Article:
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Dakota Access Pipeline already leaking

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It was only a matter of time before Energy Transfer Partners' Dakota Access Pipeline had an oil spill or leak, and sure enough, it has happened. Funny thing about it, though - It happened last month and we're just now hearing about it, reported Digital Journal (Canada).

The Associated Press is reporting the April 4 oil spill was relatively small, at approximately 84 gallons, and was quickly cleaned up, nor did it threaten any waterways.
According to Energy Transfer Partners (ETP), the spill was caused by a mechanical failure. The South Dakota Department of Environment and Natural Resources posted a report about the spill on its website but didn't announce the spill to the public, despite an ongoing lawsuit by four Sioux tribes seeking to shut down the pipeline.

Brian Walsh, an environmental scientist with the state agency said on Wednesday that the agency doesn't routinely release information on oil spills unless there is a threat to the public's health, wildlife or public drinking water. Actually, Walsh said the leak didn't come as a surprise to him because such incidents have happened with other pipelines in the state. They must happen fairly often because according to Walsh, the state has 200 to 300 pipeline leaks every year.

"This is what we have said all along: Oil pipelines leak and spill," said Standing Rock Sioux Tribe chairman Dave Archambault II, according to VICE. "The Dakota Access pipeline has not yet started shipping the proposed half million barrels of oil per day, and we are already seeing confirmed reports of oil spills from the pipeline."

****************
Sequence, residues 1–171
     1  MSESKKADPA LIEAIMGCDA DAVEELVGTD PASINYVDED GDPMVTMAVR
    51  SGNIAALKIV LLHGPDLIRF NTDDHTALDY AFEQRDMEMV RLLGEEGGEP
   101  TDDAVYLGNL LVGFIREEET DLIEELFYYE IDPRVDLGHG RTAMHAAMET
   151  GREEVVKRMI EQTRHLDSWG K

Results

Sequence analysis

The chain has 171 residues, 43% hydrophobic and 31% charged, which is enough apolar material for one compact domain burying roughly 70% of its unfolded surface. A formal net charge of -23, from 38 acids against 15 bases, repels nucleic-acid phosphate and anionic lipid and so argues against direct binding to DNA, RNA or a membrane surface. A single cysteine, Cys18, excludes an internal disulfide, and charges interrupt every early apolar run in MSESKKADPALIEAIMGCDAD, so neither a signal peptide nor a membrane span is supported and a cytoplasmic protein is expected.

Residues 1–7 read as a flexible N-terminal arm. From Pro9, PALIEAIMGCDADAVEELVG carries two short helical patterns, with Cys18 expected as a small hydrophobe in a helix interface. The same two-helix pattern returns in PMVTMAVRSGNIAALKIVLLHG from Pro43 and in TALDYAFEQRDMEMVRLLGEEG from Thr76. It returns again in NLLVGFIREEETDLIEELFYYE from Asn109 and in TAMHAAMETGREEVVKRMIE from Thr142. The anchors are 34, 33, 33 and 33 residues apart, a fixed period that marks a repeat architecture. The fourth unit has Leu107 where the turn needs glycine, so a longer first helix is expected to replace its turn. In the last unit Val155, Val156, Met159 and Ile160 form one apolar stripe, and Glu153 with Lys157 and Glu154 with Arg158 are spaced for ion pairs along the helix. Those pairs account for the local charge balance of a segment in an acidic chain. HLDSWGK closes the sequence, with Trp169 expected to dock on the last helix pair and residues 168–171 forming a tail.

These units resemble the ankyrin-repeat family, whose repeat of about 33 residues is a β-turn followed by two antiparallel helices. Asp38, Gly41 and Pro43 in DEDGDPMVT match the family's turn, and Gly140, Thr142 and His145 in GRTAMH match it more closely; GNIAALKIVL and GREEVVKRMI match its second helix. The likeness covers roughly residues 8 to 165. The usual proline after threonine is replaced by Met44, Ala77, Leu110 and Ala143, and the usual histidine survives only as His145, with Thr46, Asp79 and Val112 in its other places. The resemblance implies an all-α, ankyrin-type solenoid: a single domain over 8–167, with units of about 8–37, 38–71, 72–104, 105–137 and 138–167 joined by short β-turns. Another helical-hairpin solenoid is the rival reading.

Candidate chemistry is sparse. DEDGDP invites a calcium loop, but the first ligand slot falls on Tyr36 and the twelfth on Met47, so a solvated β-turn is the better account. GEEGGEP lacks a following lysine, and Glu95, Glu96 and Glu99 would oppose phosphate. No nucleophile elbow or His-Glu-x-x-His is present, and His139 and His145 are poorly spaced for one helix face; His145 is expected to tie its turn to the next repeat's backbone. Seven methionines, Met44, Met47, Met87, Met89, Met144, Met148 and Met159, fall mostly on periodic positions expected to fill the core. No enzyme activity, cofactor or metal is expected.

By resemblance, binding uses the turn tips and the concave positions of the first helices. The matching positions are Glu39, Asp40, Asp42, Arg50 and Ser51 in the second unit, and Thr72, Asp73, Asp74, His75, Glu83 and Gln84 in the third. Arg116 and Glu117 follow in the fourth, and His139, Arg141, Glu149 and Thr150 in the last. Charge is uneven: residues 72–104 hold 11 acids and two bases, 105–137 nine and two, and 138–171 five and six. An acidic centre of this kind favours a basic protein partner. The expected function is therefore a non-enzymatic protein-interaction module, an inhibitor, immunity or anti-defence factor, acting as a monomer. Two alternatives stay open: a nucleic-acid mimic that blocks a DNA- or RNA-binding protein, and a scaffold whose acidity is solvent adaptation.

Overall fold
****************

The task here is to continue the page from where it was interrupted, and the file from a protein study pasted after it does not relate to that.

Another worrying problem with the oil leak incident is that it took ETP two days to report the leak. State law demands that any pipeline leaks be reported immediately, but ETP was not censured in any way for its delay in reporting or the fact that the leak occurred.

However, Jan Hasselman, an attorney with Earthjustice representing the Standing Rock Sioux Tribe in court, says, "It doesn't say much for the accountability of the company and the transparency of the regulatory process when these things happen and there's no notification to the public."
Kudos should go out to the reporter with the Aberdeen American News, a local outlet, who broke the story after finding the leak information on the state's spill website.

In the meantime, it has also been learned that ETP does not have emergency equipment in place to handle a major oil spill, should one occur. According to court documents, the company has one year after the oil starts flowing June 1 to get the equipment in place.


Operations at more than a dozen JPMorgan Chase bank branches were disrupted by climate activists in Seattle Monday in response to their role in funding pipeline projects such as the Keystone and Kinder Morgan Trans Mountain, reported AlterNet.

The protest was organized by 350 Seattle, as well as Native American activists who participated in the year-long Standing Rock action against the Dakota Access Pipeline. Twenty-six protesters had been arrested by Monday afternoon, but the groups vow to continue putting pressure on big banks.

“If we can make these projects as politically toxic as they are for the environment, maybe they will get cold feet," explained Emily Johnston, communications manager for 350 Seattle.

On Tuesday, "Young Turks" co-hosts Cenk Uygur and Ana Kasparian praised the effort.
"I think that activists are realizing that it is one thing to go after those who are constructing the pipeline or the companies behind the pipeline; it's also very effective to go after the banks that are funding the construction of these pipelines," Kasparian opened.

"I think it is such an effective strategy," agreed Uygur. "I think they took it from me, except I've never said it on-air, so I don't know how they read my mind."

Uygur, who was arrested in Washington D.C. during last year's Democracy Spring action, encouraged the protesters to keep going.

"I think these kinds of actions at businesses are effective; I think that's what people are worried about them," he said, and offered a small suggestion: "You know, if possible, what I would want is small business owners... your accountant down the street, your dentist, to go to these protests," he added. "Because when you touch their pocketbooks, that's when you get real change."

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Reporter: Denes Osvalt
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